Often ‘riots’ are misidentified as uncontrollable outbursts of mindless violence, driven by ‘human wickedness’ or a ‘greed for looting’ (Benyon and Solomos, 1987). In some instances, they are viewed as expressions of a deficient black and ethnic minority culture (Gilroy, 2002). This presentation of ‘black criminality’ shapes public fear and anxiety by creating a ‘riot’ narrative that presents images of black lawlessness, crisis and chaos. Yes, there are ‘race riots’ – this is where large numbers of ‘rioters’ share a racial or ethnic background, i.e. consider Toxteth in the 1980s. But often these events become misunderstood as solely raced events, largely because of media misrepresentations and biased reporting, as well as the ordinariness of racism which means that mainstream society too easily constructs black and minority ethnic populations as problematic. This leads to the ‘riot’ being presented as an event caused by racial faults, i.e. ‘the enemy within’; ‘feral rats’; a deficient black and minority ethnic culture rooted in a proneness to violence, lower IQs or a clash of cultures. For example, consider David Starkey’s appearance on the BBC’s Newsnight programme on 12th August 2011, where he attempted to blame the 2011 Summer disturbances on ‘black culture’.
What remains unacknowledged is how these events are about social injustice. Taking from Benyon and Solomos (1987), I argue that we must view these ‘disorders’ as last-resort eruptions of anger emerging from continued experiences of broader political, social, cultural and economic injustice – some of which may be rooted in racial discrimination. Anger emerging from social injustice simmers away in the minds and lives of its victims. The eruptions (‘riots’) are often the result of a particular sparking event (Benyon and Solomos, 1987). For instance, the spark in the 2001 case of the Bradford disorders was the alleged racist murder of a local Asian youth, but underlying the disorders was the accumulated despair and anger at the racist, class biased and gender discriminatory social injustices felt by the ‘rioters’ over the years (Patel and Tyrer, 2011). ‘Riots’ in this sense then are about frustration, challenge and resistance – albeit not always pursued through legitimate or legal means, and often occurring in ways that appear frightening. But are they maybe a last-resort means for a marginalised population to be heard? I argue that yes, this is exactly what they are, and in this sense we must always consider the wider pre-riot context. For example, consider the case of Brixton in 1995, when no attempt was made to humanise or mark out as significant the death of Wayne Douglas (Malik, 2002). Douglas was the black African Caribbean man who died in police custody prior to the ‘riots’; his death is viewed as the ‘spark’ to the ‘riots’, but behind this were the long-standing accusations about police abuse victimisation of black African-Caribbean youths in the area; the tinder of social injustice.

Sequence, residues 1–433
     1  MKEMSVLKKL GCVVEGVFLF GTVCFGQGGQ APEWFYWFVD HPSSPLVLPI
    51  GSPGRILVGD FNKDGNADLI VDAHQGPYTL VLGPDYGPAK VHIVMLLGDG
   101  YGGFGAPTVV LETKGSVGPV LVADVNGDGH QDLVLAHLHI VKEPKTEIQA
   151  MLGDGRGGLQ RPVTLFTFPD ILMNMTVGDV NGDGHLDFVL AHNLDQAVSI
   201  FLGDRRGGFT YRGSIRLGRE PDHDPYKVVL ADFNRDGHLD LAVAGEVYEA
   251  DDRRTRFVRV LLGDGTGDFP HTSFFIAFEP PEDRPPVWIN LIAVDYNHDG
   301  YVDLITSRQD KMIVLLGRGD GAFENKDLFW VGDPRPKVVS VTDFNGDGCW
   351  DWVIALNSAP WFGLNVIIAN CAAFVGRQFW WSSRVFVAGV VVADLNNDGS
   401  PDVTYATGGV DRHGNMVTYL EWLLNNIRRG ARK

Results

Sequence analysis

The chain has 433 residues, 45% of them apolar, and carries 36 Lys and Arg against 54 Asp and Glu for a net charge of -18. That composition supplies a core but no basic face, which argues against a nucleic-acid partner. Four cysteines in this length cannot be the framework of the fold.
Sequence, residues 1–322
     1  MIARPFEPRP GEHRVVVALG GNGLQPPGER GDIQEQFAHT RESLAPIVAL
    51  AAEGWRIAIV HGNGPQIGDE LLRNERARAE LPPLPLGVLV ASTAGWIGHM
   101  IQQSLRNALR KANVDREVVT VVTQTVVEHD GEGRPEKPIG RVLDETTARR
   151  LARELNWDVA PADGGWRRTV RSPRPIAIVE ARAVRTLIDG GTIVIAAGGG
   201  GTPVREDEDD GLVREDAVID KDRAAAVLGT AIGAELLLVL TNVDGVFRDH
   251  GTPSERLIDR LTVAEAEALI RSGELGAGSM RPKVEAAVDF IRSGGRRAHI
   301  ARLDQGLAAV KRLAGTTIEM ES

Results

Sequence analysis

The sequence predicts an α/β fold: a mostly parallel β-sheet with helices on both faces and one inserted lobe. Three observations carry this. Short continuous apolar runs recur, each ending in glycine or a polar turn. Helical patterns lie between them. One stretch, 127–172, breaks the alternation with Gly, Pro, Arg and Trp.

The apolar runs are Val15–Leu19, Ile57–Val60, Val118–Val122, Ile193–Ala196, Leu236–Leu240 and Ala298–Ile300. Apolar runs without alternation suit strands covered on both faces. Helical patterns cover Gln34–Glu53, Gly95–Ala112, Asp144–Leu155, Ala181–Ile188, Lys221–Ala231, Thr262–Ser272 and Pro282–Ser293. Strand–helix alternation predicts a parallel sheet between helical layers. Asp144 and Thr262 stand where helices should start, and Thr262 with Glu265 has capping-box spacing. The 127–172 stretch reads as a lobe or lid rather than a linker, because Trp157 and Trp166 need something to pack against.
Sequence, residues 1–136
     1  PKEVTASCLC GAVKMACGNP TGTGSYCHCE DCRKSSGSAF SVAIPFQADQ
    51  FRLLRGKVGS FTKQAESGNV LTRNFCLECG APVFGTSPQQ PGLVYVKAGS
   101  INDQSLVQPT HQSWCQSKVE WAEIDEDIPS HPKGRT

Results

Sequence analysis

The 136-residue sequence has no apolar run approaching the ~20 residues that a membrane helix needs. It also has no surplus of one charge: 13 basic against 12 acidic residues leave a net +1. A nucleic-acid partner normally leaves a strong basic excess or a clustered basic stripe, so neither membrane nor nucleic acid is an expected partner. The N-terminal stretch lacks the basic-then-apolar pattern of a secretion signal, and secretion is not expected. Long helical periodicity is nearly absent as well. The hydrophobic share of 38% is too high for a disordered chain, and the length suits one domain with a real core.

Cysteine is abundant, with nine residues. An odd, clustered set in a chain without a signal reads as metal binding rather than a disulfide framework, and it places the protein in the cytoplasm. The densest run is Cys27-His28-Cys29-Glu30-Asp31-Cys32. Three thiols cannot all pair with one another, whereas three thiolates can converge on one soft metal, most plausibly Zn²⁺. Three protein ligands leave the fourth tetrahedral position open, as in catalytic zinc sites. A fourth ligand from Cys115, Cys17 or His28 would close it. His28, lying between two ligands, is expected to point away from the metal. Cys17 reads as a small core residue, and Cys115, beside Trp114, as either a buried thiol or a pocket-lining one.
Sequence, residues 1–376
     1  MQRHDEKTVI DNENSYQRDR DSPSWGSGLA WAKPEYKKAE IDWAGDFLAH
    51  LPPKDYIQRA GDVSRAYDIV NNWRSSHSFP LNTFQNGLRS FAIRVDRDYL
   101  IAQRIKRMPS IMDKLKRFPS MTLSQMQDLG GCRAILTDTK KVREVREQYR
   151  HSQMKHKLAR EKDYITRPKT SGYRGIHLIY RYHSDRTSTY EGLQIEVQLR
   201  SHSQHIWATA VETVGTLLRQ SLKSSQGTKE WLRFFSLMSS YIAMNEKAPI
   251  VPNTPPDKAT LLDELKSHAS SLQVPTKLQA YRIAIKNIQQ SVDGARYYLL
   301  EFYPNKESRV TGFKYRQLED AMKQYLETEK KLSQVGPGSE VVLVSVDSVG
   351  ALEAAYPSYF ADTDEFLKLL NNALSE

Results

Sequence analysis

In addition though, following direction from Patel and Tyrer (2011), we need to question how ‘riots’ are often used to validate crude notions of racial difference and a ‘clash of cultures’, and the ways in which this leads to specialist intervention measures that attempt to civilise these supposedly unruly bodies. This involves an examination of how and why the State responds with harsher forms of policing and punishment when faced with ‘rioters’ of a particular racial or ethnic background. For example, consider Bradford in 2001 where the State responded to the 500 ‘Bradford rioters’ by sending in over 1,000 police officers, many of whom were from riot patrol. Similarly, we saw stark clear practices of over-sentencing of the Asian youth involved in the Bradford events (Alexander, 2005). In this vein, I ask: Why are ‘riots’ still presented as being racially loaded? The answer: because racial divisions sustain power imbalances. It allows blame on an already demonised population: a black and minority ethnic population who are seen as ‘flawed psychologically, morally and socially’ (Owusu-Bempah and Howitt, 2000: 95). This serves to promote a discourse of ‘racist commonsense’, which allows public support to generate in other areas of social control, i.e. immigration. This also serves to divert attention away from the crimes and problematic behaviour of the powerful ‘white’ ruling elite.
- Alexander, Claire (2005) ‘Embodying Violence: ‘Riots’, Dis/order and the Private Lives of the Asian Gang’, in Claire Alexander and Caroline Knowles (eds.) Making Race Matter: Bodies, Space and Identity’. Hampshire: Palgrave MacMillan. pp 199-217.
- Benyon, John and Solomos, John (eds.) (1987) The Roots of Urban Unrest. New York: Pergamon.
- Gilroy, Paul (2002) There Ain’t No Black in the Union Jack. Introduction to the Routledge Classics Reprint. London: Routledge.
- Malik, Sirita (2002) Representing Black Britain: Black and Asian Images on Television. London: Sage.
- Owusu-Bempah, Kwame and Howitt, Dennis (2000) Psychology Beyond Western Perspectives. Leicester: The British Psychological Society.
- Patel, T.G. and Tyrer, D. (2011) Race, Crime and Resistance. London, Sage
*The ideas expressed in this column are solely the opinions of the author and not necessarily of the Dialogue Society
About Tina G. PatelBrowse Author's Arhive
Dr Tina G Patel is a lecturer in Criminology at the University of Salford. Her interests relate to ‘race’, racism, exclusion, police and violent behaviour. Amongst other work, she is currently undertaking research into ethnic profiling in the North West of England, within a counter-terror context.